NORTHFIELD — Friends and family packed Atlantic City Country Club on Thursday to honor eight prominent disabled community members.
The 31st annual Donald J. Sykes Awards recognized people for personal achievements, outstanding contributions to their community and serving as positive role models.
The event is held by the Atlantic County Division of Intergenerational Services and the Atlantic County Disability Advisory Board every October in acknowledgement of Disability Awareness Month.
“This is something we take great pride in doing,” Atlantic County Executive Dennis Levinson said in his opening remarks at the event.
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Jennifer Perry, an access specialist at the Northeast ADA Center at Cornell University, spoke about the work she has done with Atlantic County regarding access for disabled people, as well as the importance of including disabled people in the workplace.
“People with disabilities have a major set of talents and perspectives they can offer employers,” Perry said. “Their input is critical to create a more diverse employment landscape.”
Award recipients this year were Stanley Adams, Izabella Bernard, Alex Corson, Pat Gardella, John Jeffries, Justin Hlifka, Jason Kuharik and Nadira Morgan.
“I’m so honored and blessed to be here,” Justin Hlifka, a graduate of Egg Harbor Township High School and a student at Atlantic Cape Community College, said while accepting the award. Hlifka has been a professional ventriloquist for nine years, performing at birthday parties, day cares and schools.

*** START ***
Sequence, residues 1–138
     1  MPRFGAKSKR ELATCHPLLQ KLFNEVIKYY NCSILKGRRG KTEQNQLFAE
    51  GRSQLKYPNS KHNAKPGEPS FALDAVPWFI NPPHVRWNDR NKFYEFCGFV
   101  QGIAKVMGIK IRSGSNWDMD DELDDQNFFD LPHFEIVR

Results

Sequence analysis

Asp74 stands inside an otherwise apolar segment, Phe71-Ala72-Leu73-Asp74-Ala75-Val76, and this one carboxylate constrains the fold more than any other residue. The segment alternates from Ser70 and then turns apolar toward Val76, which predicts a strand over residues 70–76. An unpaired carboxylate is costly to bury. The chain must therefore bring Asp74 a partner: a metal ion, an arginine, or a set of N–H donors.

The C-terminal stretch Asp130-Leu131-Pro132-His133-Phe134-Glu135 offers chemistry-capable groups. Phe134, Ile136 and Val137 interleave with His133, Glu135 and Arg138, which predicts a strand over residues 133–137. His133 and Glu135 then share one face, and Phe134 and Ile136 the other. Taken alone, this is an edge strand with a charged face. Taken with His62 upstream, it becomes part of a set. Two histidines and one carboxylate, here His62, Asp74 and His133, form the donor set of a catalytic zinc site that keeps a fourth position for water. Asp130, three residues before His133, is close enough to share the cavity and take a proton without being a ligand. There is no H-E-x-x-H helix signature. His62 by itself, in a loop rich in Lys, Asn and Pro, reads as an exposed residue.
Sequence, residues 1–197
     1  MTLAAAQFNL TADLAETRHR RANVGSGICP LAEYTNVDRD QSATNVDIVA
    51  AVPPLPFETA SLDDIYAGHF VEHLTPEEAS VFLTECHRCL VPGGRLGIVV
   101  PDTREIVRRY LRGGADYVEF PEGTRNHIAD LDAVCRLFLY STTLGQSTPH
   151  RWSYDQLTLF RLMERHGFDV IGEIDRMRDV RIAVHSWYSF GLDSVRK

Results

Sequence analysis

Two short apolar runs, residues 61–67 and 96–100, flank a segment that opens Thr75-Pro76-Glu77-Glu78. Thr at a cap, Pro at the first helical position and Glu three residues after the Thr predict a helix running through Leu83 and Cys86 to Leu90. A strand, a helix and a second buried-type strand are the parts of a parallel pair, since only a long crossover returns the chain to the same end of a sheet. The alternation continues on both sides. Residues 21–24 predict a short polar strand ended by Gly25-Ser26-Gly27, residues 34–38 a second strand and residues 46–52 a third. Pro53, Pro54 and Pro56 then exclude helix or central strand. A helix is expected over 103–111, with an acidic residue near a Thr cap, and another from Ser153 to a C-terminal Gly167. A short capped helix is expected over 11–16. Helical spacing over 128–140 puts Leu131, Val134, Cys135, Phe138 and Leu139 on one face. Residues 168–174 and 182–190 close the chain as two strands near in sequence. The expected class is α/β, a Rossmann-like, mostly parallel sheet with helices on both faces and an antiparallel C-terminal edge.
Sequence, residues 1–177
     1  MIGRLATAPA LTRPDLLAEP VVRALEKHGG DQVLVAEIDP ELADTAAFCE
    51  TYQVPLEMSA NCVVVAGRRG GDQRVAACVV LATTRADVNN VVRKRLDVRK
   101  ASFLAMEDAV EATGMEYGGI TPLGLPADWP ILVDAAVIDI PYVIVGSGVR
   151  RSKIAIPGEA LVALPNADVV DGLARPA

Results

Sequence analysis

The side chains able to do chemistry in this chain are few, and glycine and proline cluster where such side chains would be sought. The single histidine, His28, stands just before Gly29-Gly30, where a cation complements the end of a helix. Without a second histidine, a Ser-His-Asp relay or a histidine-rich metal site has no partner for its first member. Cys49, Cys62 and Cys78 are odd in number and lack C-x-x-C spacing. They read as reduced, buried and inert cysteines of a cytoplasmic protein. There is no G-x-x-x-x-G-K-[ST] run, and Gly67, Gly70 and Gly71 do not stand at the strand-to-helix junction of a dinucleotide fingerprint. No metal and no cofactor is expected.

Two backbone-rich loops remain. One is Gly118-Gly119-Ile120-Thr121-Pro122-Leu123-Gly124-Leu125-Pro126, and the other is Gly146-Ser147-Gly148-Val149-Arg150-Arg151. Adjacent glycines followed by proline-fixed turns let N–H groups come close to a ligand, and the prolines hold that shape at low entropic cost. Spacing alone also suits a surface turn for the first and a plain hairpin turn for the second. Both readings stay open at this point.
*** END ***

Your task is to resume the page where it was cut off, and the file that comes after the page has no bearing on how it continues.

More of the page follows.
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Mainland Regional High School student Corson has attracted attention for his partnership with Matunas Organic Surf Wax. Corson collaborated with Matunas to create Blue Wonderland Surf Wax, which donates $1.50 to Faces 4 Autism for every bar sold.
In addition to the eight award recipients, the Disability Advisory Board recognized Brigantine for its work creating accessible beaches. The board this year analyzed the accessibility of the county’s beaches, making recommendations to municipalities for improvements.
Brigantine Mayor Andy Simpson said it was important for the city’s beaches to have multiple handicap parking spaces, wheelchair ramps and access mats that stretched all the way down to the water.
In 2020, the Division of Intergenerational Services and the Disability Advisory Board will work on creating an accessible-beach guide using the information gathered this year.